Public health advocates in the Asia-Pacific region want tobacco excluded from the products covered by a proposed regional free trade agreement.
The Trans Pacific Partnership Agreement would otherwise undermine international efforts to curb cigarette companies’ advertising, the Asia Pacific Association for the Control of Tobacco (APACT) said in a statement August 20.
The call came during the 10th APACT Conference, which drew more than 700 delegates from 40 countries to Tokyo last week, among them Seventh-day Adventists. The trade partnership, delegates said, would give tobacco companies more traction to sue countries over advertising bans or other public health measures designed to restrict the sale of cigarettes and other tobacco products.
Several major tobacco companies recently sued the Thai government for increasing the size of graphic health warnings on cigarette packs from 55 percent to 85 percent.
“APACT was organized to protect Asia from the tobacco industry,” said Kyoichi Miyazaki, secretary-general of the non-governmental organization and Adventist Church member. “We are dedicated to continuing that legacy and ending the tobacco epidemic in Asia.”
Indeed, APACT was established in 1989 to fight trade sanctions designed to promote the free sale of tobacco products in Korea, Japan, Thailand and Taiwan.
Since then, the organization has worked to stem the flow of tobacco to developing countries in Asia by implementing aggressive tobacco control programs, including bans on cigarette smoking, restriction of smoking in public places and comprehensive educational and intervention programs, Miyazaki said.
APACT founder Dr. David Yen was a major advocate for emerging tobacco control in the region and lobbied aggressively for anti-tobacco legislation, Miyazaki said during a keynote speech to honor the late leader.
Dr. Yen frequently enlisted actors and other celebrities to raise awareness of the dangers of smoking, among them Jackie Chan, who starred in an anti-tobacco initiative called “Strike Back Against Tobacco” in 2001.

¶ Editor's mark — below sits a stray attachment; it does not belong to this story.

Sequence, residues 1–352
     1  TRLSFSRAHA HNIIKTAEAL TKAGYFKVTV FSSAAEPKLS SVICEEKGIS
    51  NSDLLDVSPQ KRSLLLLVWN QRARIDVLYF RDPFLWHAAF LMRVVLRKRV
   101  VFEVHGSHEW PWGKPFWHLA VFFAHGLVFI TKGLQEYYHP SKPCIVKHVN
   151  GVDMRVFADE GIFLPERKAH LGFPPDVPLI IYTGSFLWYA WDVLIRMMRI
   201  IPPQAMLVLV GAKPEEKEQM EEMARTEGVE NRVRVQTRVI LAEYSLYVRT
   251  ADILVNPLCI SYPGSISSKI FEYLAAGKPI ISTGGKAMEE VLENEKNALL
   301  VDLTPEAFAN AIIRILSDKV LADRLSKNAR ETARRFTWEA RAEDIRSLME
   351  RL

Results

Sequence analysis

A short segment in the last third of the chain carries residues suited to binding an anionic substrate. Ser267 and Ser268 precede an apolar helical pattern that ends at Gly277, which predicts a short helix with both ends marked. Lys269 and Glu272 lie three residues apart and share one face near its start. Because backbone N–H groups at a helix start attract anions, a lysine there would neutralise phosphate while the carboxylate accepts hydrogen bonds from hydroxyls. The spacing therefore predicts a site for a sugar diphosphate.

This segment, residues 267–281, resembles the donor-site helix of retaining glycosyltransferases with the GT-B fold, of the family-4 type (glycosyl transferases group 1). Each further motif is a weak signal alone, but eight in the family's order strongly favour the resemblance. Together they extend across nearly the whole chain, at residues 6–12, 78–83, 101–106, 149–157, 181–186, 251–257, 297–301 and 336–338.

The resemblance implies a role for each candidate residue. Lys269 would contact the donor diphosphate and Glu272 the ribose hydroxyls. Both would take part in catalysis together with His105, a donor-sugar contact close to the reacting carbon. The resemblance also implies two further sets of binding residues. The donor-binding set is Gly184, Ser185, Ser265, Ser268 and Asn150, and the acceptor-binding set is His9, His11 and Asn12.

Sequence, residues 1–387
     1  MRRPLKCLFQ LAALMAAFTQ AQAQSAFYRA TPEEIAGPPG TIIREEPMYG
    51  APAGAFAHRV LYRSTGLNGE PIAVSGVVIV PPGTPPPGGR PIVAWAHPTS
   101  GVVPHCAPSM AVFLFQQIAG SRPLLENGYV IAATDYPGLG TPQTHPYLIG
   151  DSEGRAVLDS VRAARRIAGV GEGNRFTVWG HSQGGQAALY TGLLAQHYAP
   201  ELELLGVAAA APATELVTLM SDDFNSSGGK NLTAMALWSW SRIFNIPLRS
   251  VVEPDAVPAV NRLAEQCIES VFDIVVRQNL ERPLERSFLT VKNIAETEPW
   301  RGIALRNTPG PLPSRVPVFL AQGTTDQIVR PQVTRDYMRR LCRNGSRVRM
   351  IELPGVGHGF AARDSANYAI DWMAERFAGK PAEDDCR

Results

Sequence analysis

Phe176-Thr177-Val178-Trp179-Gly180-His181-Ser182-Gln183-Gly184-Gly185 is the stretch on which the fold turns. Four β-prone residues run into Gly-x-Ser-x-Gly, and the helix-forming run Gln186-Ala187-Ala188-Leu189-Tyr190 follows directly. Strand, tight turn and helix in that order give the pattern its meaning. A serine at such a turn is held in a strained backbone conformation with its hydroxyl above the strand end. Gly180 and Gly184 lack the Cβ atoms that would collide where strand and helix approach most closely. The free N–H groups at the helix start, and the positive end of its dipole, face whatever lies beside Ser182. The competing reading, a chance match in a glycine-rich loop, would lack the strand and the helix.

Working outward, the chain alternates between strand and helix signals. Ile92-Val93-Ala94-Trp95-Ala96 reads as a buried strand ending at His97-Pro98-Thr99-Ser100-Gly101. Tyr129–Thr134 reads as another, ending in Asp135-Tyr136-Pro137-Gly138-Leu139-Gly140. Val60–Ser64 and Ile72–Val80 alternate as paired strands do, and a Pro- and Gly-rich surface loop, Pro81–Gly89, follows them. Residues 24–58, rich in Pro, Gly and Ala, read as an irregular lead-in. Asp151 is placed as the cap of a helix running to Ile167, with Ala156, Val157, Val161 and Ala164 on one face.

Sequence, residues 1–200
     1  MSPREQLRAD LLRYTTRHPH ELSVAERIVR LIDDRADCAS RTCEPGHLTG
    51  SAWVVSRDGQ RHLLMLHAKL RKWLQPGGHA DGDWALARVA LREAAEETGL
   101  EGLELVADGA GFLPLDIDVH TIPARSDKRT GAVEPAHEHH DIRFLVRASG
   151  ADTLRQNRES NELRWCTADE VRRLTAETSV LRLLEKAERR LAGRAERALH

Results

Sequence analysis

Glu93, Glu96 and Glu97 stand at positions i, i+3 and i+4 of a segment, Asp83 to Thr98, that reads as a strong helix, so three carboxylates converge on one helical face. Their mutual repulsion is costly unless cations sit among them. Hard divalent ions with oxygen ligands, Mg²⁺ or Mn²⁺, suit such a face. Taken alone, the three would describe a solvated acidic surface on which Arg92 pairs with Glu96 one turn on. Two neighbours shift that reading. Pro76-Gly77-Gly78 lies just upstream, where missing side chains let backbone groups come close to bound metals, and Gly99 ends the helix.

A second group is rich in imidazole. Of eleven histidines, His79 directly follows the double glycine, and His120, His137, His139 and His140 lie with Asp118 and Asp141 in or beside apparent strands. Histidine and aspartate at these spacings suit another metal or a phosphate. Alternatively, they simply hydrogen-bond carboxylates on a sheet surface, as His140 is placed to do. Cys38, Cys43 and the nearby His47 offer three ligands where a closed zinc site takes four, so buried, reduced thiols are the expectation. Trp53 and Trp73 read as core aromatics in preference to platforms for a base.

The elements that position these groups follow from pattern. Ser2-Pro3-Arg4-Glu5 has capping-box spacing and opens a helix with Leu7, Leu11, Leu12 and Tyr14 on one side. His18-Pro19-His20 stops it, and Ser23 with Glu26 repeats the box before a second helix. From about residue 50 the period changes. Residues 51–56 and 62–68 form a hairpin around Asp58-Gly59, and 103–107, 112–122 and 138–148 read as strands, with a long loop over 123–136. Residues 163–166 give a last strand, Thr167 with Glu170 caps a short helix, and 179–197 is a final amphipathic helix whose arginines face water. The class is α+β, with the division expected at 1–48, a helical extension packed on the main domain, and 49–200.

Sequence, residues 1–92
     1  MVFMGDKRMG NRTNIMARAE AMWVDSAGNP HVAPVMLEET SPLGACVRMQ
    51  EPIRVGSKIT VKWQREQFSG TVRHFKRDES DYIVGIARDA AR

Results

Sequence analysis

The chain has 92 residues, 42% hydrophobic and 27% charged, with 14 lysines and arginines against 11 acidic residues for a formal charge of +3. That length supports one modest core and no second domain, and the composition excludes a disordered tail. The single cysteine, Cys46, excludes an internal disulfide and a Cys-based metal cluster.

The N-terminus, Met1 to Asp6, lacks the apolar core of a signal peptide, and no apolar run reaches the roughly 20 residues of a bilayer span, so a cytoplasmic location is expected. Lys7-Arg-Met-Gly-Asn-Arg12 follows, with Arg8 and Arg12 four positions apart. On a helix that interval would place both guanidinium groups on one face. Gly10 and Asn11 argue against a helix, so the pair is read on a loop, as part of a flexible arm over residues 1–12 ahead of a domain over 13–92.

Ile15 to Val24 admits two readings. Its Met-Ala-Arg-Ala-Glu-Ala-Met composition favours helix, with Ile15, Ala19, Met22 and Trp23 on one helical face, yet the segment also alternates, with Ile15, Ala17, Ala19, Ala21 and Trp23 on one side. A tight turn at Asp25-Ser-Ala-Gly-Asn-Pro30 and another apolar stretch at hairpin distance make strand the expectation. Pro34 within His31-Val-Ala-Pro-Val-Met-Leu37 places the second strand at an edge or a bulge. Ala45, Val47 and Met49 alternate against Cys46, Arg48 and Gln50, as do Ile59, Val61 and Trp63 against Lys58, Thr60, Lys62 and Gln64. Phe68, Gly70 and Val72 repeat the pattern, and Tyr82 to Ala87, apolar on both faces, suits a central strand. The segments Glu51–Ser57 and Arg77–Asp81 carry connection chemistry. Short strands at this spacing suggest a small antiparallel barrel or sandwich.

Still, Asia remains a challenging region for tobacco control, Miyazaki and other advocates said. As developed counties toughen their restrictions on smoking, tobacco companies increasingly focus on developing countries, where they face less resistance. Trade agreements that classify tobacco as a legal commodity make it difficult for small countries to fight these efforts.
“The [Trans Pacific Partnership Agreement] does not recognize tobacco as a uniquely harmful product or provide safe harbor for nations to regulate in order to reduce tobacco use,” a statement released last week by the Campaign for Tobacco-Free Kids said. “The tobacco industry and its allies in government increasingly use trade and investment agreements to challenge legitimate tobacco control measures.”
Miyazaki agreed, noting that the current political party in Japan does not favor tobacco control. But despite the challenges, he said advocates “can have a great impact on the Japanese government by showing how many Asian countries have been negatively affected by the tobacco industry in Japan.”
The Adventist Church was an early leader fighting tobacco. As far back as 1848, church co-founder Ellen White wrote about the health risks associated with smoking. In Asia, the church continues to host smoking-cessation programs and stop smoking clinics. Miyazaki, who previously served as Health Ministries director for the Adventist Church in Japan, was active in launching some of these efforts.
Dr. Peter Landless, Health Ministries director for the Seventh-day Adventist world church, attended the APACT conference and applauded Miyazaki’s decades of temperance and anti-tobacco work in the region.
“This event and the leading role of a Seventh-day Adventist in anti-tobacco work in this very challenging region is big news, Landless said. “We are often chided that our church and its members have lost the vision in opposing tobacco; here is news to the contrary.”